Too Close For Comfort


“On April 20, 2023, JNIM attacked the Waldjouague village in northern Togo. This village is just about 15km away from Cinkase, which is a border town in Togo near Bawku in the Upper East Region. JNIM is gradually closing up in Bawku and will exploit the security challenges there if vigorous security measures are not put in place in Bawku to ward them off. JNIM has strong affiliations with the Fulani and normally will use this in getting info for their activities.”

The foregone is information a staff of an international organisation sent out to his friend, and which landed on our desk.

The proximity of JNIM and other jihadist actors operating in Burkina Faso close to our frontier is something known to our national security managers already. The preparedness of our security agents is also not in doubt. This is evidenced by an announcement about the formation of Forward Operating Bases upcountry in response to the security reality.

However, other loose ends which need tying abound.

How much education has been given to residents of border areas regarding the security challenges in their areas of residence and what to do when suspicious movements are noticed? This and other issues require attention if we are to live up to the task of countering any attack successfully.

Tackling such elements goes beyond conventional warfare and requires the cooperation of residents of the frontier settlements and towns.

A couple of days ago, President Akufo-Addo proffered notes on how to respond to the maritime security challenges along the Gulf of Guinea. This for us should include the security challenges unfolding upcountry.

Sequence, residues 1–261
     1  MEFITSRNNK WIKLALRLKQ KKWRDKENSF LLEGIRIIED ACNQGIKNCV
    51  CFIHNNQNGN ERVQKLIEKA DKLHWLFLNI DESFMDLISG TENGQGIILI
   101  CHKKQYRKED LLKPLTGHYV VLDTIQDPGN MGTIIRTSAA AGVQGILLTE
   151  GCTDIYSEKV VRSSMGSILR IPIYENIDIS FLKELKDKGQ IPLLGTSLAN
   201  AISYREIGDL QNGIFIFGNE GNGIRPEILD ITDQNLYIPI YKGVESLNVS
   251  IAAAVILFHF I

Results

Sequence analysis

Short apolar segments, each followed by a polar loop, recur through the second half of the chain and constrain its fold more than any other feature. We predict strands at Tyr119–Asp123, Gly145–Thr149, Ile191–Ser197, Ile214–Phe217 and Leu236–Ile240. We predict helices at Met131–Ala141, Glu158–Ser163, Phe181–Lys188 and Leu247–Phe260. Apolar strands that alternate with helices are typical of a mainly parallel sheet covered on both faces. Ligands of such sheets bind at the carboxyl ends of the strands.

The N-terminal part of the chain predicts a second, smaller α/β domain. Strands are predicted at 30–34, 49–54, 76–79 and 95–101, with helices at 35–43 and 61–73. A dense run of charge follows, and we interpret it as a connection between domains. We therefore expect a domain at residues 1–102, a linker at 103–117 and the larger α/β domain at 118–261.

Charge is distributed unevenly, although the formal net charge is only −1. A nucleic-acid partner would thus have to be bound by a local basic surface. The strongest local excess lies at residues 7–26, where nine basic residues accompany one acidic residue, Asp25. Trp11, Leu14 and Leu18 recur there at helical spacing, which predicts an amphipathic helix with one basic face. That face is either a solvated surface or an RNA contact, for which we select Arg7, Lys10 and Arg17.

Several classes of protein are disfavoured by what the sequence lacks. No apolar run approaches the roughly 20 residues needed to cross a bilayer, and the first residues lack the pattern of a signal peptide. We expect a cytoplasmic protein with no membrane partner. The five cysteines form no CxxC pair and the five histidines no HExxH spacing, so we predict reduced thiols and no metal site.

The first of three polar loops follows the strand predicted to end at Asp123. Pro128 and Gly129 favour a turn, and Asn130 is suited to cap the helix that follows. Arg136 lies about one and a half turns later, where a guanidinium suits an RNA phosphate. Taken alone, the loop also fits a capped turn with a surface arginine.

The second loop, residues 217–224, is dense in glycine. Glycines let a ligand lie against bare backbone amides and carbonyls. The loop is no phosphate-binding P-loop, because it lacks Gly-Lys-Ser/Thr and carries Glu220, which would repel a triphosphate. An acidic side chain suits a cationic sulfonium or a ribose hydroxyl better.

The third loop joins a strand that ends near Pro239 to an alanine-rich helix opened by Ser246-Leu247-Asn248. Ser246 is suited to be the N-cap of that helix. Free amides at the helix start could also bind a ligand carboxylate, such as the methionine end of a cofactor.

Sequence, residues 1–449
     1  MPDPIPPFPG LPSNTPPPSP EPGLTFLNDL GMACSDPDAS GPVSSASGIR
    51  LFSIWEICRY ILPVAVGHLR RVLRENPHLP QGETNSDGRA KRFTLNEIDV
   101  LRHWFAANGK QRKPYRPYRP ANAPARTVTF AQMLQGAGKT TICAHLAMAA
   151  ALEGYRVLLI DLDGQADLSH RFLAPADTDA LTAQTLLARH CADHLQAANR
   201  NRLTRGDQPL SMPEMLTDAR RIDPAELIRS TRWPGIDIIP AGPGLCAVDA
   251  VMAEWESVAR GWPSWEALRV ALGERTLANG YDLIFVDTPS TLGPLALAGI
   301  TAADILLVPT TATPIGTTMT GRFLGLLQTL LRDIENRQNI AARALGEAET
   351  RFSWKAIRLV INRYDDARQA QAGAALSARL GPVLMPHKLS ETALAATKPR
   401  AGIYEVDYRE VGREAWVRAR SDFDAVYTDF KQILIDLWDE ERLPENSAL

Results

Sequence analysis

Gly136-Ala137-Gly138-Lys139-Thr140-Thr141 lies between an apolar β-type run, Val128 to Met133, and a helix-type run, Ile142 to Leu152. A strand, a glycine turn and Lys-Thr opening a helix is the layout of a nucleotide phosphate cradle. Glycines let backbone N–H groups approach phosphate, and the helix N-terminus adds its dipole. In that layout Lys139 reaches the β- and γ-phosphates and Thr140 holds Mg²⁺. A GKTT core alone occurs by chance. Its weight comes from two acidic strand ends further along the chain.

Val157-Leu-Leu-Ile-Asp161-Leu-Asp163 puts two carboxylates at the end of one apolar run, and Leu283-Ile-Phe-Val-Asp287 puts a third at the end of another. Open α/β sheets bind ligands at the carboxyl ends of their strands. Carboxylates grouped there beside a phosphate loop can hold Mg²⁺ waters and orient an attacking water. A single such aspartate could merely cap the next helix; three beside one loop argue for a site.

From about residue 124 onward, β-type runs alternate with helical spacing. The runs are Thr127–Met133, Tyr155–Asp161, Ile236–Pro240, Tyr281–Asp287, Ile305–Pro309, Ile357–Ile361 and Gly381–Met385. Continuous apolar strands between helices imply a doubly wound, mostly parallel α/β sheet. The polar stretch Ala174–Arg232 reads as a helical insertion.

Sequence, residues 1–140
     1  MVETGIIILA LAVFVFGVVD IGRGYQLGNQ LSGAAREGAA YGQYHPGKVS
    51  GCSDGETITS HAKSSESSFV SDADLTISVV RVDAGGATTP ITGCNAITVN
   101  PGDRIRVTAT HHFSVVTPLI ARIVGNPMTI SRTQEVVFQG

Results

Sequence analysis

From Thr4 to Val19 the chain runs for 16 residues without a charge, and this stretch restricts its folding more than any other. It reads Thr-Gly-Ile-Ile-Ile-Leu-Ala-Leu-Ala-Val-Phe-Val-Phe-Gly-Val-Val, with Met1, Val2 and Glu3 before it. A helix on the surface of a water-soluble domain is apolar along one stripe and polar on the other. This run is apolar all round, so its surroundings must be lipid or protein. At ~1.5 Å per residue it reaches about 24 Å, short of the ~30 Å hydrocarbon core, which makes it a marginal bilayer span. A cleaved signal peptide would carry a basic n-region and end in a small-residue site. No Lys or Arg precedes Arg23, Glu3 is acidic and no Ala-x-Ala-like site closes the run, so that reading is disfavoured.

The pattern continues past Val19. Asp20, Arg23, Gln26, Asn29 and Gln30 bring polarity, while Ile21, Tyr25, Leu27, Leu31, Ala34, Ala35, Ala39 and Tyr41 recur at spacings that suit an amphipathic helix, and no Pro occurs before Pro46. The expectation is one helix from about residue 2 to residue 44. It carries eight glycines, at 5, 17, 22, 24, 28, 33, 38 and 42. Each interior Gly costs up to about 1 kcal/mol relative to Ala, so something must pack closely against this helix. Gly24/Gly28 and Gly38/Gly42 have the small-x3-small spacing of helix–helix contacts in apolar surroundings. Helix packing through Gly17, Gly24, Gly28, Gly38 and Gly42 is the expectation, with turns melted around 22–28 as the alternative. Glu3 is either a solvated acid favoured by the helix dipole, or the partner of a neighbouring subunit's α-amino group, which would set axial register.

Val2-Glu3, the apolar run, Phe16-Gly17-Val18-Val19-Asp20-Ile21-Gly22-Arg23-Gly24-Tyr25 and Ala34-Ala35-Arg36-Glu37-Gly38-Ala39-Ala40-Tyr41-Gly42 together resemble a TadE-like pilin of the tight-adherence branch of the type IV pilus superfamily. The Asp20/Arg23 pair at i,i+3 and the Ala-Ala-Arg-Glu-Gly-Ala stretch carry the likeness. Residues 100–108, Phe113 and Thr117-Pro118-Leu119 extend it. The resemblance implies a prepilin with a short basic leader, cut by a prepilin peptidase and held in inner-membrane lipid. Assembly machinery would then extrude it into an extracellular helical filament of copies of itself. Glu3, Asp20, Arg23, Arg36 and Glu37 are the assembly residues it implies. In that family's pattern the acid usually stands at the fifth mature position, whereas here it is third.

One of the issues he raised was about the importance of collaboration among member countries bordering the Gulf of Guinea.

Fighting insurgents or jihadists whatever their nomenclature require such collaboration in order to register success.

Taking cover in a country from which to launch attack on a target state can only be thwarted through collaboration as in sharing of intelligence and joint military exercises.

The security challenges of the West African sub-region are not confined to the coastal areas but indeed as evidenced from the insecurity in landlocked countries such as Burkina Faso, Mali, northern parts of Nigeria and Niger.

The sub-region is, as it were, enmeshed in insecurity, the occasional attacks by jihadists threatening the livelihoods of many a resident of especially the arid parts of the geographical areas under review and creating refugee management crisis for host countries.

The war against the jihadists and others in the sub-region will remain a long war if the individual country approach is not replaced by a sub-regional collaborative template.

The bad guys besides their sophisticated armouries have unlimited determination to cause maximum damage come what may.

The sovereignties of countries in the sub-region, vulnerable as they are, in the face of the marauding jihadists using their complex network, must be subdued and eliminated. Periodic simulation exercises involving all the security agencies of the sub-region should be considered, including the sharing of intelligence as pointed out earlier.